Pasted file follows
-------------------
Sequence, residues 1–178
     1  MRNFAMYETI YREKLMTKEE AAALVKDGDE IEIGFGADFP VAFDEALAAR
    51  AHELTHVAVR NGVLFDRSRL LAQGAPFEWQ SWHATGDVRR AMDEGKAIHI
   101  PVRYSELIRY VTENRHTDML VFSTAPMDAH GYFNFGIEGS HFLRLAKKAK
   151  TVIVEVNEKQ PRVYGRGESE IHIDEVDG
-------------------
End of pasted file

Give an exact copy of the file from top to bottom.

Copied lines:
Sequence, residues 1–178
     1  MRNFAMYETI YREKLMTKEE AAALVKDGDE IEIGFGADFP VAFDEALAAR
    51  AHELTHVAVR NGVLFDRSRL LAQGAPFEWQ SWHATGDVRR AMDEGKAIHI
   101  PVRYSELIRY VTENRHTDML VFSTAPMDAH GYFNFGIEGS HFLRLAKKAK
   151  TVIVEVNEKQ PRVYGRGESE IHIDEVDG